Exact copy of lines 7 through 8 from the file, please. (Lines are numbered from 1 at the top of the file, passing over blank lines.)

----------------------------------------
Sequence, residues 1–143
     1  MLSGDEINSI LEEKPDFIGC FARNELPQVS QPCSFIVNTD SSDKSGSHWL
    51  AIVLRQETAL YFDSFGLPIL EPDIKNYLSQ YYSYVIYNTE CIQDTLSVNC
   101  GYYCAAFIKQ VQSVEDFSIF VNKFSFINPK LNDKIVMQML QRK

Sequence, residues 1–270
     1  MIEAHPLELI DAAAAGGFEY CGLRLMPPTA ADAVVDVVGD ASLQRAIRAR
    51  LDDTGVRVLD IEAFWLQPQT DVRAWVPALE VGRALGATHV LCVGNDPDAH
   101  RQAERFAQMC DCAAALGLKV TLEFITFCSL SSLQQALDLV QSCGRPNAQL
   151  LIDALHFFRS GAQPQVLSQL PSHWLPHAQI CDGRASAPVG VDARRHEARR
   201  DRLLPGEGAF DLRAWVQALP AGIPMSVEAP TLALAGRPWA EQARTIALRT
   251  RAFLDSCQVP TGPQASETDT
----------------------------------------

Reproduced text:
    51  LDDTGVRVLD IEAFWLQPQT DVRAWVPALE VGRALGATHV LCVGNDPDAH
   101  RQAERFAQMC DCAAALGLKV TLEFITFCSL SSLQQALDLV QSCGRPNAQL